Ah, birria Ah, Jalisco
My first experience with birria was at least 20 years ago in a gigantic barn of a place just south of the Guadaljara airport called El Chololo. It’s been around for a very long time, is very famous and has seen every sort of celebrity and unknown diner from the youngest infant to centenarians. The place seats 1,000, or if it doesn’t, it’s gotta be pretty darn close. It’s open on most sides for an indoor/outdoor dining feel. There are strolling - altho’ dueling is more like it - mariachis and an outside playground to occupy the kids.
El Chololo serves one thing, and one thing only…birria de chivo (goat). You sit down and the waiters are there in the blink of an eye to take your drink order. What? You say you want that other famous Jalisco export, tequila? Here’s the bottle, we’ll put a little mark at the current level of the tequila, drink as much as you like and we’ll only charge you for what you drink. Such a deal! And then the food starts coming. The ubiquitous plate of minced white onions, minced serrano chiles and chopped cilantro. A big, steamy bowl of consume, and trust me, it doesn’t really matter how hot it is outside, the consume is worth every slurp. Customize it from the condiment plate. Along with the consume comes basket after basket of somewhat thick, fresh corn tortillas hot off the comal. Finally, the main event arrives, a burnished platter of various goat parts.
The birria at El Chololo is, of course, a secret family recipe. The chile-based rub is closely guarded and only a couple family members actually know the entire recipe. The goats are rubbed with the adobo then braised low and slow overnight. The last step is for the goat to be roasted, and basted with the braising liquid, in clay ovens for 2-3 hours. The results is goat meat that is succulent, incredibly tender and flavorful. It’s not the flavor-bomb you might expect. After all that cooking the chiles and other rub ingredients have mellowed, the goat has given up it’s inherent juiciness and it all somewho melds together to create a balance of flavors that is satisfying enough to make you think everything is right with the world.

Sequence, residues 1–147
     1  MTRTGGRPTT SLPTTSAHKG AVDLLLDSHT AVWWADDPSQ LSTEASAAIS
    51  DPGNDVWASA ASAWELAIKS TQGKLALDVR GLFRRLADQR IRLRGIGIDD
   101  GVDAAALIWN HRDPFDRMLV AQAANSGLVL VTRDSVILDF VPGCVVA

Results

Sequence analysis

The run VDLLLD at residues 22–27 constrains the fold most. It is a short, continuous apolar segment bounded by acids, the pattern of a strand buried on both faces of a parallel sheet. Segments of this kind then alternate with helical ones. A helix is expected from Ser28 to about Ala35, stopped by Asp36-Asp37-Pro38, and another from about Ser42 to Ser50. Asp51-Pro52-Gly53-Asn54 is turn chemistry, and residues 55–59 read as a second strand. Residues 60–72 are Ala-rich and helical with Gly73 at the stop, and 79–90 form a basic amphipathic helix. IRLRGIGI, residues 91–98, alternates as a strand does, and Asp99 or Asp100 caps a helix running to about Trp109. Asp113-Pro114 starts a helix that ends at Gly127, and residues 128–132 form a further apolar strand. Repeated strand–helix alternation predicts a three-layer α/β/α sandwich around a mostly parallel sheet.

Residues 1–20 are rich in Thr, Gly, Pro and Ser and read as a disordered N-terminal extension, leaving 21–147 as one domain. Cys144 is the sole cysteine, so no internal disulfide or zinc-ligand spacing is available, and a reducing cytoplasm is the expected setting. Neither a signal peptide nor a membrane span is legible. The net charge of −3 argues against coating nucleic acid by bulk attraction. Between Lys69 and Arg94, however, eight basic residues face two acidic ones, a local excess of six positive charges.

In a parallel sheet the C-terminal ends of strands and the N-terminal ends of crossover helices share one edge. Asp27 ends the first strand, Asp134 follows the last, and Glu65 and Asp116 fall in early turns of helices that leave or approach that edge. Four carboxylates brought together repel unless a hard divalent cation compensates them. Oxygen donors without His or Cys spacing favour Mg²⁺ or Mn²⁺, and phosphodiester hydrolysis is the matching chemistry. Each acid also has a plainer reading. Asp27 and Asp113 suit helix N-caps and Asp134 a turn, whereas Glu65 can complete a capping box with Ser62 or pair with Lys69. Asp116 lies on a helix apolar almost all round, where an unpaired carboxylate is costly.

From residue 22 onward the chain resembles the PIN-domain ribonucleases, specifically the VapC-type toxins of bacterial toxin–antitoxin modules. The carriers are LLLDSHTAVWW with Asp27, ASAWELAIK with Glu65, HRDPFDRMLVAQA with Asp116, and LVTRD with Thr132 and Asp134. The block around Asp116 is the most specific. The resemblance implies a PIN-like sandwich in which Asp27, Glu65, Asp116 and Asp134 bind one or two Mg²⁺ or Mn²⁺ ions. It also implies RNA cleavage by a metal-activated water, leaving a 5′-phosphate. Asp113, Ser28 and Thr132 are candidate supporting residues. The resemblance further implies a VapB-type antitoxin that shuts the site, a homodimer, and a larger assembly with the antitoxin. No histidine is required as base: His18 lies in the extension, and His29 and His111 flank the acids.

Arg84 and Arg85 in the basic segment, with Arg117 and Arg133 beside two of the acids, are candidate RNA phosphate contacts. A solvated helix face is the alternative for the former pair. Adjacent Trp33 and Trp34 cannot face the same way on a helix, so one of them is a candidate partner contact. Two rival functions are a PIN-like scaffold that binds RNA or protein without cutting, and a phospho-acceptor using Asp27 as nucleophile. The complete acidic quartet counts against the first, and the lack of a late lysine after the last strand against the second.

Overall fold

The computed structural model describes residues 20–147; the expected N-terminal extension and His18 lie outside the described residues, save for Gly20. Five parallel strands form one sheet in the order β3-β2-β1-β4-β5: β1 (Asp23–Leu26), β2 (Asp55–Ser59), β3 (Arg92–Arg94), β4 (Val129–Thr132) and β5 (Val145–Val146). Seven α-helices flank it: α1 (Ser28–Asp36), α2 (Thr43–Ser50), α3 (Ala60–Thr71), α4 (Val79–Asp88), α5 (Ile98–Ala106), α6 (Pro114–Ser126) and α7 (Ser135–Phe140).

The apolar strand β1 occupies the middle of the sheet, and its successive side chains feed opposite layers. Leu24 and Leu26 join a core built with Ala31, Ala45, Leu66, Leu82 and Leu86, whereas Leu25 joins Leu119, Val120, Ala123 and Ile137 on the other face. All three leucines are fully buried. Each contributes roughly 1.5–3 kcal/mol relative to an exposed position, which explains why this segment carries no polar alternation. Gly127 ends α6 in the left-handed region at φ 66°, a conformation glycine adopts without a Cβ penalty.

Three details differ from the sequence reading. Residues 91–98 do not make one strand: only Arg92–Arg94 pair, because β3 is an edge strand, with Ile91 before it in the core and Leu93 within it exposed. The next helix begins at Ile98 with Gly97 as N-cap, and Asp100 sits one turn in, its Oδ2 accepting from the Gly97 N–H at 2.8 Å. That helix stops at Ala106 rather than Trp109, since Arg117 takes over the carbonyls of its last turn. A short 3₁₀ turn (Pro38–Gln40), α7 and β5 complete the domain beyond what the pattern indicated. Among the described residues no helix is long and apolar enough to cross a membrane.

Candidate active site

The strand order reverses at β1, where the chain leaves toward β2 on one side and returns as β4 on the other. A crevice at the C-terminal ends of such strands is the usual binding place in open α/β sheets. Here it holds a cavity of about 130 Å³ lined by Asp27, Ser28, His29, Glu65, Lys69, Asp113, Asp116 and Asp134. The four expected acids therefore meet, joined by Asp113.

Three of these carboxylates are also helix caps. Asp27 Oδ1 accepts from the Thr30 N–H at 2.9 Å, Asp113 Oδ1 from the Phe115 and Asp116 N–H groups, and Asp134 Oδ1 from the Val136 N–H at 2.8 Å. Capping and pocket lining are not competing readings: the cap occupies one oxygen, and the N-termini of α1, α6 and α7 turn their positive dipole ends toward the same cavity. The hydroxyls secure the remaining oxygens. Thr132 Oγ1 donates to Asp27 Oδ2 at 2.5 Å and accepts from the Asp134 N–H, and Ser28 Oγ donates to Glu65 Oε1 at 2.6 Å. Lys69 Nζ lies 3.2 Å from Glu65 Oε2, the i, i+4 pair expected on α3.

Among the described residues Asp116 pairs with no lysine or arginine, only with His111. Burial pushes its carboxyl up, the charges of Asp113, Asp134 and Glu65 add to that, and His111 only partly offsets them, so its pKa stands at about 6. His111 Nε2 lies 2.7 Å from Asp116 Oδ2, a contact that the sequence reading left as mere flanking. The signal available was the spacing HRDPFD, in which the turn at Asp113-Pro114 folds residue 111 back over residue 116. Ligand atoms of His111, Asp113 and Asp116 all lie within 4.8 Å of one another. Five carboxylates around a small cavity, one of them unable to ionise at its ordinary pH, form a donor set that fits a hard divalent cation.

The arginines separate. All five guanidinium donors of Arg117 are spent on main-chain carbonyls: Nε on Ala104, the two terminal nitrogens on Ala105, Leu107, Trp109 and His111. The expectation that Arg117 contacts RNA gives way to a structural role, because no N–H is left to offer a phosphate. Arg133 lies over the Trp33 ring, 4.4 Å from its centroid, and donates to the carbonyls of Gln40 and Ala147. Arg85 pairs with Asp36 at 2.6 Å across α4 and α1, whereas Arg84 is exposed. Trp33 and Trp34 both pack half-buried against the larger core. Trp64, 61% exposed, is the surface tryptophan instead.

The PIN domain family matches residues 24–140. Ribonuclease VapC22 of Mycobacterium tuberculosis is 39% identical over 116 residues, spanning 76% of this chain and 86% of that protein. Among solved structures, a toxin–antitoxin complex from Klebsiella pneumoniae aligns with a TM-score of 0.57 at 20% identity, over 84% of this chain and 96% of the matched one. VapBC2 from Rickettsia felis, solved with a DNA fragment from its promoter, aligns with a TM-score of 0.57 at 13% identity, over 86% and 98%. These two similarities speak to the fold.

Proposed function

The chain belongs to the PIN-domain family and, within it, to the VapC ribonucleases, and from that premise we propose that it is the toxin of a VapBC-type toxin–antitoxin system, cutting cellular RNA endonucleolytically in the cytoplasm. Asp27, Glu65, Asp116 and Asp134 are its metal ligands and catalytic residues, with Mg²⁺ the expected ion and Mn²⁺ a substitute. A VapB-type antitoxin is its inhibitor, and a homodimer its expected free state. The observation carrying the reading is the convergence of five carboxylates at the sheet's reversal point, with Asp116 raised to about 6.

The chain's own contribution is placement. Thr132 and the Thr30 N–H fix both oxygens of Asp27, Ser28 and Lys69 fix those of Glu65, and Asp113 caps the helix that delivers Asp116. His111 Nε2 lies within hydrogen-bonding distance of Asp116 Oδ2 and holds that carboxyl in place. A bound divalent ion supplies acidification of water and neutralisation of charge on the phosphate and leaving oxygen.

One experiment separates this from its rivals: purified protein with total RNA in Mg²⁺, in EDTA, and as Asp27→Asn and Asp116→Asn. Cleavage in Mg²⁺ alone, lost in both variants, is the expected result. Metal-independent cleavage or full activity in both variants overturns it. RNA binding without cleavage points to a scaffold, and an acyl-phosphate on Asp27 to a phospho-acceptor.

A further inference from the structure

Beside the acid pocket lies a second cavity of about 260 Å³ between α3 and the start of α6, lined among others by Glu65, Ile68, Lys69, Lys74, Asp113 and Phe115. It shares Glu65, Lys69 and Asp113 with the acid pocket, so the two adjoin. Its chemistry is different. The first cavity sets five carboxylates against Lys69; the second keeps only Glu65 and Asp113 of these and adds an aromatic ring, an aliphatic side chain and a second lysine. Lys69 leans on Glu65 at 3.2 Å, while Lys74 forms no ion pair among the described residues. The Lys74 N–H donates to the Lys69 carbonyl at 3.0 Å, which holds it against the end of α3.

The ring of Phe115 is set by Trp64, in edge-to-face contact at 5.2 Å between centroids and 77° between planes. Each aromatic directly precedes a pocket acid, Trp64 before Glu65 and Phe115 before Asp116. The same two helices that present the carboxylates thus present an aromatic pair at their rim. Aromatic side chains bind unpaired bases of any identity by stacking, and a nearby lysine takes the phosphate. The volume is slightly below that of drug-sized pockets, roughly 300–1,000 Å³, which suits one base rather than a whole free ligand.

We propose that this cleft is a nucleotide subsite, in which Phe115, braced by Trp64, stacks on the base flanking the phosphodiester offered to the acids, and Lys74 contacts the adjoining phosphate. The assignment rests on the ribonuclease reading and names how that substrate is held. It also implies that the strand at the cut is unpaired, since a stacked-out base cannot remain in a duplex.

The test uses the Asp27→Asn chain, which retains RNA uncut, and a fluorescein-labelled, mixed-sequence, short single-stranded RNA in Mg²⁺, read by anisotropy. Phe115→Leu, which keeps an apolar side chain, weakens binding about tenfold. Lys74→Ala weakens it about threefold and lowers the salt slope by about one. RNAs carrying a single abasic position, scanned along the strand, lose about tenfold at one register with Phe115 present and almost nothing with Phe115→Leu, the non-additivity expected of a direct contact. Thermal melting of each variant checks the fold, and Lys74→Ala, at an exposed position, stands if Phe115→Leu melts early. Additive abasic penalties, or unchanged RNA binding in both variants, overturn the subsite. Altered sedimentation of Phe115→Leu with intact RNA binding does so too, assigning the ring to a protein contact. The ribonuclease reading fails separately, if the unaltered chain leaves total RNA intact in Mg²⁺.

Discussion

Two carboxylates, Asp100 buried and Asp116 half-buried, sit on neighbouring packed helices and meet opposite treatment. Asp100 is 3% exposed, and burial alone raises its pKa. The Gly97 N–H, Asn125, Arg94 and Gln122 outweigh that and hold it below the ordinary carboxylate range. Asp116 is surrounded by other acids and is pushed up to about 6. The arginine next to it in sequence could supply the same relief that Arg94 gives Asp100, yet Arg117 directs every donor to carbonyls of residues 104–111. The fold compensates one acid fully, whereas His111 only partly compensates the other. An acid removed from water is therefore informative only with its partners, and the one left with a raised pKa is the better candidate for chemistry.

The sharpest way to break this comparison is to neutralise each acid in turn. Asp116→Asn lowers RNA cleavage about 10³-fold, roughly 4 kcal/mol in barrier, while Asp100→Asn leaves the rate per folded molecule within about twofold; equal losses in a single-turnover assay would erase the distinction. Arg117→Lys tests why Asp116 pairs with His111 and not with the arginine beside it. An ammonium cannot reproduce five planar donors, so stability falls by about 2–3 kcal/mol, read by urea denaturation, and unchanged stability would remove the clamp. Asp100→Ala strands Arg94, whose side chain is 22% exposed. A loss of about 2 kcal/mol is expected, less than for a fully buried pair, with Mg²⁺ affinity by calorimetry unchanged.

The place jumps on weekends when multi-generational families come for the day to eat, drink, pay mariachis to play beloved family favorites and spend time with each other. We have nothing like this in the U.S. as far as I’ve been able to discover. It’s much quieter during the week but the food is much better on weekends when they’re operating like a well oiled machine and serving a huge amount of birria
Disclaimer…it’s been several years (i.e. 5+) since I’ve been to El Chololo. The above are recollections of my dining visits there and some of the research I did trying to find more information about how they made their birria. Cut me some slack if my memory exactly 100%
Sounds wonderful, now I’m very hungry!
I didn’t see this until yesterday but it made me want to point my car due south and start driving, sleep overnight in the car, and hit up one of the southernmost places on this list when they opened.